Poetry against Fatwas

Hissa Hilal, a Saudi Arabian contestant on the widely viewed show “Million’s Poet,” is gaining worldwide attention for her poem that she delivered on the last episode. Her poem on the abuses of clerics earned her a place in the final five and a chance at 1.3 million dollars. Hilal, a poetry editor at Al-Hayat newspaper and a mother of four, has gone further than any woman in the competition and delivered her biting critique fully covered. While many are focusing on her clothing, I find her words more significant.

Her poem, written in the Nabati style native to the Arabian Peninsula’s nomadic tribes, attacks clerics who have issued fatwas that reflect an extremist attitude, which is not in line with the core values of the faith. Hilal’s poem focuses on fatwas like that of Sheikh Abdul-Rahman al Barrak, who issued a fatwa for the execution of anyone who says the mixing of sexes is acceptable within Islam. While fatwas are non-binding legal opinions, Hilal asserts in The National that this kind of fatwa reflects “subversive thinking, terrifying thinking, and everyone should stand against it. One should not kill or call for the killing of people only because they do not belong to their system of thought or to their religion.”  Continue reading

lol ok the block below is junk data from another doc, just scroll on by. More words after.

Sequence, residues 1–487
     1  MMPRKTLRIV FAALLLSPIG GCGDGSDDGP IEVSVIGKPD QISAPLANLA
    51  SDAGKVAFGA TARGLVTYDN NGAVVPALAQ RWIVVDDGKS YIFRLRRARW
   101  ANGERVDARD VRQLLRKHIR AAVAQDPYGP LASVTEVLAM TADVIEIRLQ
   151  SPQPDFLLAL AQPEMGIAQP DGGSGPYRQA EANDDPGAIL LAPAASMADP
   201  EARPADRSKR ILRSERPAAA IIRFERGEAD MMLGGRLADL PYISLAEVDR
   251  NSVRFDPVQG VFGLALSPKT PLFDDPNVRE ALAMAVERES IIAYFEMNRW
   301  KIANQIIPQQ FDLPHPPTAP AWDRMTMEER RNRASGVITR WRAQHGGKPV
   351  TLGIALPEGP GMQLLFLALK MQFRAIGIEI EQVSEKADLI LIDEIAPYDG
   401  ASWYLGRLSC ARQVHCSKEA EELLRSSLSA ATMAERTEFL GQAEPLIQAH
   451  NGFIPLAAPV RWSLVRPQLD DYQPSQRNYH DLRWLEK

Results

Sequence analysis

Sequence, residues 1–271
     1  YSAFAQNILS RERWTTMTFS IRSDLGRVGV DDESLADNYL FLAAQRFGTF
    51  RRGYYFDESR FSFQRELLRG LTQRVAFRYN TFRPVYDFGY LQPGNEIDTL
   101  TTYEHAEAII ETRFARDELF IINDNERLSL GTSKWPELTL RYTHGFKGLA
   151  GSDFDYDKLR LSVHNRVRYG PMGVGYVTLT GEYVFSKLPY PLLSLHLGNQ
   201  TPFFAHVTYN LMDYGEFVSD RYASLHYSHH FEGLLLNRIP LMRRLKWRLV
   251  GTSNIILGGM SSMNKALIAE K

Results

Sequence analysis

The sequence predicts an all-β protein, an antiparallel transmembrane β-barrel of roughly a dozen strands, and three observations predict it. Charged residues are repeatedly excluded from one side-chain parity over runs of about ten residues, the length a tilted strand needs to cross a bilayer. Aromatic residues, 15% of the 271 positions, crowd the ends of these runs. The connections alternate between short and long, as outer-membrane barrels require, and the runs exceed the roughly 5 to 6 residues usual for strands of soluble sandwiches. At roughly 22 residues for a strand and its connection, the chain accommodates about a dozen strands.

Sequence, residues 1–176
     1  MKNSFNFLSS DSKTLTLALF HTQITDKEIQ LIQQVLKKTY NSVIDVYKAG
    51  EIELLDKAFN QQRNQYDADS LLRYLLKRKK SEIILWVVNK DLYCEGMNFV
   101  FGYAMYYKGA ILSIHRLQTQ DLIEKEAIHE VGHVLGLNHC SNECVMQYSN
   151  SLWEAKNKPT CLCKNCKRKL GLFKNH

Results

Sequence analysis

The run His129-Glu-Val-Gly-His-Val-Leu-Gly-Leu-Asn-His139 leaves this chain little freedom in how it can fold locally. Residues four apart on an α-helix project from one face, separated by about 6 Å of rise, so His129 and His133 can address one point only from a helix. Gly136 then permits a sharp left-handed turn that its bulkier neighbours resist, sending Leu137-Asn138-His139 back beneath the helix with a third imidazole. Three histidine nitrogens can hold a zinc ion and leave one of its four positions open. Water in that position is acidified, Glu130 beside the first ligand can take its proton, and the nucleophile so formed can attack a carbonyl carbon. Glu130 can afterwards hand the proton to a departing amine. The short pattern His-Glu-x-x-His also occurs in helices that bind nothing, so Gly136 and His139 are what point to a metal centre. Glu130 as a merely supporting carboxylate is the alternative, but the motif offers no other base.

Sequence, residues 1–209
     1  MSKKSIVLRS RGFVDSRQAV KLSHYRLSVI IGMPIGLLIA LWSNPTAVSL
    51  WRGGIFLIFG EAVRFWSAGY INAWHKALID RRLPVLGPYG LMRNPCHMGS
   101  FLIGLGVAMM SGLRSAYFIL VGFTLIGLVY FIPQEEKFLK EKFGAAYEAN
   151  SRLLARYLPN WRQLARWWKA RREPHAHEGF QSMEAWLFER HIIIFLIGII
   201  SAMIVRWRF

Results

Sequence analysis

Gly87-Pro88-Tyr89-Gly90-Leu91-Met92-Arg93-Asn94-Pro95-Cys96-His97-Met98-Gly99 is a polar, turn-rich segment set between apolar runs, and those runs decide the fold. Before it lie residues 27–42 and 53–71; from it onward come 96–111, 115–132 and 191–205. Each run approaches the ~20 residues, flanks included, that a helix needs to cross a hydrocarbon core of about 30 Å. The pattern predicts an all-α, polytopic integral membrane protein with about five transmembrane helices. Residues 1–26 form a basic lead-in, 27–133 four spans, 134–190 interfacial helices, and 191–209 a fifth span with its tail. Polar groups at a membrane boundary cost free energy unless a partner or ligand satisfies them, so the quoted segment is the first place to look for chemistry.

Islamic Feminism

The next Inside Islam radio show will air Thursday, April 8th and will focus on Islamic feminism.  While many might consider Islam and feminism to be contradictory, there is a clear global movement that began in the 1990’s in which Muslim women are using Islamic discourse to argue for their rights, gender equality, and social justice.

Islamic feminists seek to transform patriarchal readings of the faith that they argue go against the real message of the Qur’an where there is a clear emphasis on gender equality based on the concept of human beings.  According to Margot Badran, Islamic feminism calls for more gender-sensitive re-readings of verses that are not present in the male interpretations. Continue reading